Hurt live in Berlin February 2013 image from

“Cut out my eyes/And leave me blind”

Hurts are also blessed with a naturally dark palate that suits the assembled Germans perfectly. It’s hard to imagine them (say) hooking up with Rita Ora, or introducing a glottal-stopping guest rapper to the stage, but it’s exactly their air of class and exclusivity that sets Hurts apart. They’re unafraid to pull out a violin or turn on the U2 histrionics – and ‘Cupid’ shows Anderson has taken the time between albums to graduate from the Edge School of Guitar Heroism – but I can’t think of another singer in recent times who’s pulled off wearing Serbian-hitman-chic leather driving gloves with Hutchcraft’s aplomb. When he lobs them into the crowd during ‘Miracle’ there’s a mad scramble for a piece of Hurts magic, and Hurts’ increasingly deep relationship with their fans becomes more evident.

And that’s Lesson 3 in Pop 2013: have no fear. There’s been compromise, and there’s been a studied stab at diversification that might from a certain angle look like box-ticking target marketing, but it’s Hurts’ fearlessness that sets them apart. Exile teaser track ‘The Road’, with its arresting accompanying video and aforementioned industrial Reznor chugging, is as unorthodox a comeback as Robbie Williams’ Rudebox, and while that album might have been regarded by his accountants as something of a disaster, it also marked the moment Williams realised chutzpah could be displayed in music as well as off-stage activity. When Hutchcraft theatrically breaks his mic stand over his knee and tosses it aside like Bruce Willis dispenses with a spent shotgun, it’s like he’s watched The Crow for the 37th time and decided to have a proper tilt at mythmaking. And then Hurts disappear.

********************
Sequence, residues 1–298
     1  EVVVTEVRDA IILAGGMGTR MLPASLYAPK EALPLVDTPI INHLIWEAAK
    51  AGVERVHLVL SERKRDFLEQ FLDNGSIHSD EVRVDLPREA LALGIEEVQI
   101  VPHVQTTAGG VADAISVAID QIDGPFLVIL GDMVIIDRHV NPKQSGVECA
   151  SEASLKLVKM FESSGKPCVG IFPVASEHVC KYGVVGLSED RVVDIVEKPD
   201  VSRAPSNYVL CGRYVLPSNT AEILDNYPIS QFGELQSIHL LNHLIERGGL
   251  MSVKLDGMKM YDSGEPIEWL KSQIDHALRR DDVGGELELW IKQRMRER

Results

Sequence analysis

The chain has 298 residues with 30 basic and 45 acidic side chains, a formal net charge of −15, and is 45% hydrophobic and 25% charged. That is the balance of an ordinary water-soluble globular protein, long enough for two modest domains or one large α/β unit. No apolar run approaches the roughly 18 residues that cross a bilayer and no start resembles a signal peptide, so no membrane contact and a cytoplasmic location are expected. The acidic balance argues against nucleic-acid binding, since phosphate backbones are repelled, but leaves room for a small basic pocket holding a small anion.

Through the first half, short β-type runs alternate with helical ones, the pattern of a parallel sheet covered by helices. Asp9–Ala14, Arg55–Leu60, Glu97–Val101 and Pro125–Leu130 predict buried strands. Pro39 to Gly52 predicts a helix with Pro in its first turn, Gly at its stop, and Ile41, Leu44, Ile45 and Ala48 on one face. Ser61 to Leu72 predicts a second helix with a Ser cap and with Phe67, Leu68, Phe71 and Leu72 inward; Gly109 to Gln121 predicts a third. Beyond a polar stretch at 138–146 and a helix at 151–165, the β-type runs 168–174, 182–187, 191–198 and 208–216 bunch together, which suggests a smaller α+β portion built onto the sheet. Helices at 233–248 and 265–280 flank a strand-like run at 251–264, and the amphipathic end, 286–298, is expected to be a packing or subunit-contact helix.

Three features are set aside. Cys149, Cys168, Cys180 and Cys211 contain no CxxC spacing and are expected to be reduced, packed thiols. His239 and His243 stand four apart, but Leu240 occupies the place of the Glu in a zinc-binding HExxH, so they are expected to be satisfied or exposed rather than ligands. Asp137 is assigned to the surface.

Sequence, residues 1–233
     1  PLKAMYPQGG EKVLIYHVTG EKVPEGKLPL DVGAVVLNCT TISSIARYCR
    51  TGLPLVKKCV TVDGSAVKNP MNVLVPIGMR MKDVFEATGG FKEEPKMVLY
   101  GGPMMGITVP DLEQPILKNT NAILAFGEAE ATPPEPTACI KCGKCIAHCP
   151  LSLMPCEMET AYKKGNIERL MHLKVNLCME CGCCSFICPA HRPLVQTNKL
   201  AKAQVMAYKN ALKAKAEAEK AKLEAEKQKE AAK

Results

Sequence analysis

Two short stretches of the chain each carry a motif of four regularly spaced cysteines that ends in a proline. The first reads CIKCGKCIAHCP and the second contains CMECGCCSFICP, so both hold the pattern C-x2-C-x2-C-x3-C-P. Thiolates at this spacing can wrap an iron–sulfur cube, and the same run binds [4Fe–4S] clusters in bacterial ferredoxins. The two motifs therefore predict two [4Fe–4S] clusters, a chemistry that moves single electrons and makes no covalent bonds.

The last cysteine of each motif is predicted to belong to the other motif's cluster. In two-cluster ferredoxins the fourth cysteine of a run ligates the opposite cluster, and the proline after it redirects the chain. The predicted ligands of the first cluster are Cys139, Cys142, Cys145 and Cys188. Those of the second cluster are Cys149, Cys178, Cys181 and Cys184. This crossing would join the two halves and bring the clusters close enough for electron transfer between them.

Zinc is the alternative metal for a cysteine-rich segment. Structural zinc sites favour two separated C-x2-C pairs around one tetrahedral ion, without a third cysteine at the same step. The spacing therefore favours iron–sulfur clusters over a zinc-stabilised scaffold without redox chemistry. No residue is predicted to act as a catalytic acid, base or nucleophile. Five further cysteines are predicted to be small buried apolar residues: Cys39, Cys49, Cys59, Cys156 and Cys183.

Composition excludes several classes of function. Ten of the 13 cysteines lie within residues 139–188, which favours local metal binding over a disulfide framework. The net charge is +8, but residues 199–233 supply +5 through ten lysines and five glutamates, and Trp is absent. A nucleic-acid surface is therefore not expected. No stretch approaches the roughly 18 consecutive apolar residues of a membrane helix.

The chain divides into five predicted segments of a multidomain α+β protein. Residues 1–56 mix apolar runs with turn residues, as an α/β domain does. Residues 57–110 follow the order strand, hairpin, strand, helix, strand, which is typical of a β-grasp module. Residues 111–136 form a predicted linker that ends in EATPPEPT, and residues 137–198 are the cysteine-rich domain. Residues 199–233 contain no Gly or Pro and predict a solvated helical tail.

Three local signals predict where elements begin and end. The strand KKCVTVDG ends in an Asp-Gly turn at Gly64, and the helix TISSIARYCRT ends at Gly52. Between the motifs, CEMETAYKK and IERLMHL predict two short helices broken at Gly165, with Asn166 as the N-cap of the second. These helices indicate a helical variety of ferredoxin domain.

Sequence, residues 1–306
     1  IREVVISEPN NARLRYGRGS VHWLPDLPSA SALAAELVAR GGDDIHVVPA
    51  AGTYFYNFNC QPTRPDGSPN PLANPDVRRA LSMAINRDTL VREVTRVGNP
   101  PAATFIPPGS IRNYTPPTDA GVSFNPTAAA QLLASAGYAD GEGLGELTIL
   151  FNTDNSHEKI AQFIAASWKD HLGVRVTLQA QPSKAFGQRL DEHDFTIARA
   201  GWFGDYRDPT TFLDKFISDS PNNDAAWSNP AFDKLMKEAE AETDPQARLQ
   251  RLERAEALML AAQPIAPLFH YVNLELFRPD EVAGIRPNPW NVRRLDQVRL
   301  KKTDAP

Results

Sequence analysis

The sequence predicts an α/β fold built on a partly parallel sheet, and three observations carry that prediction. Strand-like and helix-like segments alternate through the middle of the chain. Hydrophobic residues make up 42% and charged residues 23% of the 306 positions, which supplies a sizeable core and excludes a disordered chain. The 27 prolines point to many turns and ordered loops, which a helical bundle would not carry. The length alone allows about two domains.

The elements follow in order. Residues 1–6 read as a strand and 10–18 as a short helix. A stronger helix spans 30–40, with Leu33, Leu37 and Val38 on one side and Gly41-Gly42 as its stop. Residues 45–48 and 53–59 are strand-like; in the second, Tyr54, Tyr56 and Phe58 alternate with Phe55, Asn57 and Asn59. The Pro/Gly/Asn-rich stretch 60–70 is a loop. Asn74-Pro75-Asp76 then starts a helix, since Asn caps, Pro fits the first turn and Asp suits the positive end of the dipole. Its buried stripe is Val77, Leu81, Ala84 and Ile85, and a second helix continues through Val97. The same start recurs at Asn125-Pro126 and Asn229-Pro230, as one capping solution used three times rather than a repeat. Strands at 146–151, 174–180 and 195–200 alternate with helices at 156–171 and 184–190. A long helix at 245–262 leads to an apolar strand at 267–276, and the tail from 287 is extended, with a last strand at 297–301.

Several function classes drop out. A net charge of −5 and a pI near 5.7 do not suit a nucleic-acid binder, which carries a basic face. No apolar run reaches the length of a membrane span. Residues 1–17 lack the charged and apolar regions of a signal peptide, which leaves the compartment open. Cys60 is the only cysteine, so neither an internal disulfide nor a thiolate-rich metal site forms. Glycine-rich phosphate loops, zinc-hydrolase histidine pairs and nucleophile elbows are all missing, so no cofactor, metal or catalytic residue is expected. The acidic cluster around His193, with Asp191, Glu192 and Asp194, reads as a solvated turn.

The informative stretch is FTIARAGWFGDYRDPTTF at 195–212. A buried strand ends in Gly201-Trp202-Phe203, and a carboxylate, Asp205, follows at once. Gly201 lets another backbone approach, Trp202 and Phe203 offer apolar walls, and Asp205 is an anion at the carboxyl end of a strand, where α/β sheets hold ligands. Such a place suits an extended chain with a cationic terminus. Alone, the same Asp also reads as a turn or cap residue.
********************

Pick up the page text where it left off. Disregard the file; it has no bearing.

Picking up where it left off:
Hurts live in Berlin February 2013 image from

“I swear I’ll make you bleed/If you break my heart when I hold you close to me”

Synths buzz angrily, the tick-tick-tick of the click track evolves into the doof-doof-doof of Teuton disco, and a visibly refreshed Hutchcraft returns to the stage as Hurts’ breakthrough ‘Better Than Love’ threatens to end the night on an uncharacteristically upbeat note of triumph. For all their nimble genre-hopping and lurching, compelling moodswings, the numerous new tracks on offer this evening don’t quite match this song’s dark, thespy pop ambition, like Les Rythmes Digitales piping Guru Josh into a roomful of RSC wannabes trying to perfect their Hamlet. (Hurts actually end on the doomy, usually wonderful ‘Stay’, but without the booming male opera singer they had on the last tour it fails to hit home.)

A vein of indecent self-pleasure runs through Hurts’ being, as it should through anyone wanting to push through the masses and stand alone. Aside from a brief mis-step when Hutchcraft desperately implores the Berlin crowd to “hold your phones up” during (geddit?) ‘Illuminated’ – a naff, slightly demeaning move which only the band can enjoy – this is a professionally impressive consolidation of Hurts’ unique landgrab in the terrain of pop. The duo are smuggling adult, unashamedly goth-tinged subject matter into a milieu more used to teen-placating platitudes, in a manner not seen since Frankie Goes To Hollywood subverted a nation 30 years ago. We can only encourage Hutchcraft & Anderson, electro-pop titans-in-waiting disguised as buttoned-up Slavic accountants, to press on: this is a lesson everyone should heed, in 2013 or any other year.


‘Wonderful Life’
‘Silver Lining’
‘Blood, Tears and Gold’
‘The Road’
‘Better Than Love’

All image by Rob Sinclair, via Flickr. Used under Creative Commons license.